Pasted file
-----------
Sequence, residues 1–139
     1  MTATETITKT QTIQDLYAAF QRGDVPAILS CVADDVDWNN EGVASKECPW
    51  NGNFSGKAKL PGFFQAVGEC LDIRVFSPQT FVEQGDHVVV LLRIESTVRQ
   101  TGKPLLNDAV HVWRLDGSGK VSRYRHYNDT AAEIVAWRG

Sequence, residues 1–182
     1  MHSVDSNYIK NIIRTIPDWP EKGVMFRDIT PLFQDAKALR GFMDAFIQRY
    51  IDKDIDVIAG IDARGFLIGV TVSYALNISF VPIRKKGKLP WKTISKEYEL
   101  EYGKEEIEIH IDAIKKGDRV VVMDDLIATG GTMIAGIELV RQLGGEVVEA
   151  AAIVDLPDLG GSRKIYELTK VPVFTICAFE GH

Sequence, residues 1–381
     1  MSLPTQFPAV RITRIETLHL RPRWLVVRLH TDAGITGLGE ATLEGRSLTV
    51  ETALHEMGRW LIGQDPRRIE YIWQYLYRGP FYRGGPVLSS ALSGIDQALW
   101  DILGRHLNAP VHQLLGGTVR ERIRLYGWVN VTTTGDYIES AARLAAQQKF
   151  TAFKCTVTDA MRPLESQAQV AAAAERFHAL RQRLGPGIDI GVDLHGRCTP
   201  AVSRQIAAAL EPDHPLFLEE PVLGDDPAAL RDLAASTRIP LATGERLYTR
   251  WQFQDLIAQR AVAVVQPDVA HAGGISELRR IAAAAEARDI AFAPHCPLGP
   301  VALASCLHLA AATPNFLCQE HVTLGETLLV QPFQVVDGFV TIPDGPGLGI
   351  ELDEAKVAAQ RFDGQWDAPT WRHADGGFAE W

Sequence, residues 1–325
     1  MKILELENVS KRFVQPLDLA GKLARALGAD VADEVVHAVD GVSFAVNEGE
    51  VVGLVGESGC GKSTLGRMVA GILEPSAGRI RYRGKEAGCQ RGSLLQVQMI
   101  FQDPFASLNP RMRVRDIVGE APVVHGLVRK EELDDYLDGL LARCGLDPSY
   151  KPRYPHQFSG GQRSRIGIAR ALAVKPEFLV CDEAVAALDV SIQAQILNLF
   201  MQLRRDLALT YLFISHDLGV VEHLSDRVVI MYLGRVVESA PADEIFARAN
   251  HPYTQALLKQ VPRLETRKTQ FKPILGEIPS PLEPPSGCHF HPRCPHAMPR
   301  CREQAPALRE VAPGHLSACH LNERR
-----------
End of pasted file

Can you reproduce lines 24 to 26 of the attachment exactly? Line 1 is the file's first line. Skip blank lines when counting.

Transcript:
   201  MQLRRDLALT YLFISHDLGV VEHLSDRVVI MYLGRVVESA PADEIFARAN
   251  HPYTQALLKQ VPRLETRKTQ FKPILGEIPS PLEPPSGCHF HPRCPHAMPR
   301  CREQAPALRE VAPGHLSACH LNERR